However, France and the United Kingdom spend their time passing the buck rather than developing a joint response. On Wednesday again, British Prime Minister Boris Johnson pointed the finger at the French, believing that they had not done “enough” to prevent crossings, despite aid of more than 60 million euros to strengthen surveillance of their coastline. Immediately, during a telephone interview, Emmanuel Macron “let Boris Johnson know” that he expected the British to cooperate fully and to refrain from using a dramatic situation for political ends “.
Finding solutions is certainly not easy. From the Bay of Somme to Dunkirk, the coastline is very extensive and cannot be monitored either permanently or entirely. The smugglers have understood it well, they launch on the waters of many boats simultaneously to overwhelm the surveillance forces and manage to get some of their “customers” who pay from 2000 to 3000 euros to join what they want. see like El Dorado.
But beyond that, fundamental questions arise for the French, British and Europeans. Thus, Emmanuel Macron has a nice game to ask for “the immediate reinforcement” of Frontex after the sinking of Wednesday. But a careful reading of the interview granted by Fabrice Leggieri, the director general of the European agency, on November 21 in the JDD, leaves us perplexed: he explains there that, since May, France has requested him for aerial surveillance, but that the call having, legally, included British companies, it is now blocked by … France, which prefers European companies for this mission.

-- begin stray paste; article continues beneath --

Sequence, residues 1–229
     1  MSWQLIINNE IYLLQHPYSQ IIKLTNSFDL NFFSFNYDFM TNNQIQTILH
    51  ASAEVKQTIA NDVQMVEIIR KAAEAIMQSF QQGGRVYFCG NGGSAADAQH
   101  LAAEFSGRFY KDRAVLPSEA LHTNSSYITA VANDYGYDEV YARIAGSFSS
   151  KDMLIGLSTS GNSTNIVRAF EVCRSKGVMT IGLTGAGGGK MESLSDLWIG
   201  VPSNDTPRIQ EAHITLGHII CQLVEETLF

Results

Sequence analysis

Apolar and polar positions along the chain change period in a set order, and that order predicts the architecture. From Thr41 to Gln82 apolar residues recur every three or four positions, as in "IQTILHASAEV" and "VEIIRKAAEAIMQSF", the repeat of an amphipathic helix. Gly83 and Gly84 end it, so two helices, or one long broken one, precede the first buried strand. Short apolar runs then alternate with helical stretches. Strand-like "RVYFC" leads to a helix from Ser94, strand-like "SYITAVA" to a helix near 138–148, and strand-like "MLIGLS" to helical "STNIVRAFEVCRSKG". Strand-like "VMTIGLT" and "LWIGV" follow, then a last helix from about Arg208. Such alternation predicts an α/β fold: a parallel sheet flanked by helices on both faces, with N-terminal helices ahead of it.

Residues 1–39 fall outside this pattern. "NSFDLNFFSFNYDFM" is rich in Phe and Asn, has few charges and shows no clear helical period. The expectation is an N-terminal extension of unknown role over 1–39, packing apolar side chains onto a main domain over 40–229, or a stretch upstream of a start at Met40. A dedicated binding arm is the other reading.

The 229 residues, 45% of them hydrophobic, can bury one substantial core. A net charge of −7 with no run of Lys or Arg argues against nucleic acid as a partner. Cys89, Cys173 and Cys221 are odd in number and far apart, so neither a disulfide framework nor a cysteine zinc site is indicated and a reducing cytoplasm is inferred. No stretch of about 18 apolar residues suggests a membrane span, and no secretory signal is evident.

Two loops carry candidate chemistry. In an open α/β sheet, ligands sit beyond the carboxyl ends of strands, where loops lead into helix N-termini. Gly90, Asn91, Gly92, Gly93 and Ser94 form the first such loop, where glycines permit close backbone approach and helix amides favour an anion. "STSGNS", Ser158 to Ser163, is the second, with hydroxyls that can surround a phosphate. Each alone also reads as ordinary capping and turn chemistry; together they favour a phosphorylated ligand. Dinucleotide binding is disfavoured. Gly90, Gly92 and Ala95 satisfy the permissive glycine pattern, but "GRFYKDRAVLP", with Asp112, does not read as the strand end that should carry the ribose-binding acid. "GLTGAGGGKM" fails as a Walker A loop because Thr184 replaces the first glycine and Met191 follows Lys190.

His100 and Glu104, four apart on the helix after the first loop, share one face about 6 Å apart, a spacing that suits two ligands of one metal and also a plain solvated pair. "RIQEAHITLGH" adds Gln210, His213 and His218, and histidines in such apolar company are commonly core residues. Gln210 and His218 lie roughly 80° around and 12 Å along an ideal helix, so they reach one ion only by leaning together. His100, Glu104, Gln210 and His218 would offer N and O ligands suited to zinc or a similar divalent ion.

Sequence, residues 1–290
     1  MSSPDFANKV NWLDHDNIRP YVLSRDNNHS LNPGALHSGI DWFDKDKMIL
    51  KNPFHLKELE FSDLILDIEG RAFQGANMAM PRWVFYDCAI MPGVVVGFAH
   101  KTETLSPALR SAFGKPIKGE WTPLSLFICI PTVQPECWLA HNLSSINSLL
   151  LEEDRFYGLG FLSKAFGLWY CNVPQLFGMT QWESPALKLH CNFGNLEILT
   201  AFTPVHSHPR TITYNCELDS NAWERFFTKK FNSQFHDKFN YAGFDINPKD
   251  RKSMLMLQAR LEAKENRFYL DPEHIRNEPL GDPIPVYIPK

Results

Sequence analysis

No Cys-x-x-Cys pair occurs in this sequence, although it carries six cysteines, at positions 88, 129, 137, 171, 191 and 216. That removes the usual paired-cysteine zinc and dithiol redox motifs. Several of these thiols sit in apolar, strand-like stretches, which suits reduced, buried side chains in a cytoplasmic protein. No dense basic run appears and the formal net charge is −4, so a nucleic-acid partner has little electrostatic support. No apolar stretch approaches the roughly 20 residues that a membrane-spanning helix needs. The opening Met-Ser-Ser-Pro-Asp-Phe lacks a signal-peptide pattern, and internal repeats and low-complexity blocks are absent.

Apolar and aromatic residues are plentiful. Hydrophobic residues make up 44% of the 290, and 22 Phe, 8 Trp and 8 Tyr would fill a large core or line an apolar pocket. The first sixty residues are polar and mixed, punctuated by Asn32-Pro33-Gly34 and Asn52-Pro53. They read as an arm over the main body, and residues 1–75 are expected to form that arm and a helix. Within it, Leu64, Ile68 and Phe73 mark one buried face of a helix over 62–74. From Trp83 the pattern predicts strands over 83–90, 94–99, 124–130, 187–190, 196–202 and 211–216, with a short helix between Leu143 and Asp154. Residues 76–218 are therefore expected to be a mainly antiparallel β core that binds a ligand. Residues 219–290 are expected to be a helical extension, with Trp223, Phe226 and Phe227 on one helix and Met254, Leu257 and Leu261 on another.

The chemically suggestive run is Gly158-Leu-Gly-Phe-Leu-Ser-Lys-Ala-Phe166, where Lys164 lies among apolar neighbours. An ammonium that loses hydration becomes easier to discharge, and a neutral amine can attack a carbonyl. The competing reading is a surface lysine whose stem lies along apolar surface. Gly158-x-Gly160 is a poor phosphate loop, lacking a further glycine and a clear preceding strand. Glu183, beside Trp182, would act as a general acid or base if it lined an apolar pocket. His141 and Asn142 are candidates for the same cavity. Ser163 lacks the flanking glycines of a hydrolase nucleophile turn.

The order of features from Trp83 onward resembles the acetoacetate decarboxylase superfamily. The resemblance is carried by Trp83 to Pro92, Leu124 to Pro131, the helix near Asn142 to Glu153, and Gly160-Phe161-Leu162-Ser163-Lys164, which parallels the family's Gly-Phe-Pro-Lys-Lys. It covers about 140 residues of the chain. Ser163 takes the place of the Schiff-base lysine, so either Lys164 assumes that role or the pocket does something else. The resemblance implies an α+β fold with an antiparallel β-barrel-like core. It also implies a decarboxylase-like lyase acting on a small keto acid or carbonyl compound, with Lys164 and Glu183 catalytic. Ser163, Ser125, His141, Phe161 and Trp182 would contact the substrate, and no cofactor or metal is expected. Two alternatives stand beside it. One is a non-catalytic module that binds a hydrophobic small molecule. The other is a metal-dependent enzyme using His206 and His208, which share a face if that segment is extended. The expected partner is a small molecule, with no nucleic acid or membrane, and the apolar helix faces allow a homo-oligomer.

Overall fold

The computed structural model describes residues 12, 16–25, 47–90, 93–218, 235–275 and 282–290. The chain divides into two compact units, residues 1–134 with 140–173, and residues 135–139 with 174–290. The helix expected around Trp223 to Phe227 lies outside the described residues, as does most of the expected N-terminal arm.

Another difficulty to overcome, the British asylum policy, extremely restrictive and likely to be even more so. However, the majority of those present in Calaisis are Iranians, Iraqis, Sudanese or Syrians and can claim protection. As it is almost impossible for a refugee to seek asylum without having reached the English coast, they try everything in their power to cross and have a chance to file a case. For now, the British are tempted to discourage them by treating asylum requests differently depending on whether the person has entered the country legally or illegally. But it is not sure that this will work as long as the exiles – especially the English speakers – will have the impression that they can work more easily across the Channel or simply because they have family there.